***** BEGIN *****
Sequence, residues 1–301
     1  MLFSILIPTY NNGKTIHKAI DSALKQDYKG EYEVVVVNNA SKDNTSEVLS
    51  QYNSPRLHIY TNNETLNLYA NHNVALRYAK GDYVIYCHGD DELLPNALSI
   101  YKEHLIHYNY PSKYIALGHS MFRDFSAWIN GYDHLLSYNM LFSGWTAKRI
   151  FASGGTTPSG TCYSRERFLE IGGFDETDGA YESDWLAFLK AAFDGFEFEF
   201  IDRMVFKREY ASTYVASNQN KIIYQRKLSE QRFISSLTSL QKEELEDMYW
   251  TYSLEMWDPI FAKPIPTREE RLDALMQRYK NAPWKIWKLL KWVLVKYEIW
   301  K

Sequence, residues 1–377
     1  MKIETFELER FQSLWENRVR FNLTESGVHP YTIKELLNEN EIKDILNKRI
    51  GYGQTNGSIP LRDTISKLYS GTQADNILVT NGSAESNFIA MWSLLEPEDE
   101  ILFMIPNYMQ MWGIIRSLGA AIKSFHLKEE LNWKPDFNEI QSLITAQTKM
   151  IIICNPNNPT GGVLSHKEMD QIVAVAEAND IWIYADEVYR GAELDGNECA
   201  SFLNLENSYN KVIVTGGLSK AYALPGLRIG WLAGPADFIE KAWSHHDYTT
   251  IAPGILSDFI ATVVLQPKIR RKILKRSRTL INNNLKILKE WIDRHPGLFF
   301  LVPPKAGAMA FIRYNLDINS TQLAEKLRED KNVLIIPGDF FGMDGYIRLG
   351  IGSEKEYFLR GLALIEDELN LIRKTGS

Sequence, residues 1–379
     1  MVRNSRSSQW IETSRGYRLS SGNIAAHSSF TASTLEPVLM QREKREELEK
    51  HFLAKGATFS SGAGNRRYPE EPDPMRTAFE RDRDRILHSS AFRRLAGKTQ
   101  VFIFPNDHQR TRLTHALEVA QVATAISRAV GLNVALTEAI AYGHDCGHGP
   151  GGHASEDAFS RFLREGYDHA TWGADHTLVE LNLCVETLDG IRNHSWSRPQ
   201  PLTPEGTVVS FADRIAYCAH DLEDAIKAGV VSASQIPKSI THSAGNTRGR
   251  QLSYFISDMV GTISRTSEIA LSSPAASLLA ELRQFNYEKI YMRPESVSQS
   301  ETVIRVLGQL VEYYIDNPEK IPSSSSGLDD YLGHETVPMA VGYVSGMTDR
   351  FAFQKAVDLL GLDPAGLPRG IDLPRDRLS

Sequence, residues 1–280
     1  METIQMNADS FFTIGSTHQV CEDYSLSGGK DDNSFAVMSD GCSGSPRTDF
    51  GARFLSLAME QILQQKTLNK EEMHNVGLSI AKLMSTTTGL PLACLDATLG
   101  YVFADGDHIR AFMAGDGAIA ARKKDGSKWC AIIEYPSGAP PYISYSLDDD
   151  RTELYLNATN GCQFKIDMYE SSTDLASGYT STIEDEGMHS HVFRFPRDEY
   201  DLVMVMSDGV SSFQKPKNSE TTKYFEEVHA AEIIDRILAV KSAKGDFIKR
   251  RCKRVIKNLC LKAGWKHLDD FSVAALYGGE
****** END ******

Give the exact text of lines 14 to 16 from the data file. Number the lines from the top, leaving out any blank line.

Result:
   201  SFLNLENSYN KVIVTGGLSK AYALPGLRIG WLAGPADFIE KAWSHHDYTT
   251  IAPGILSDFI ATVVLQPKIR RKILKRSRTL INNNLKILKE WIDRHPGLFF
   301  LVPPKAGAMA FIRYNLDINS TQLAEKLRED KNVLIIPGDF FGMDGYIRLG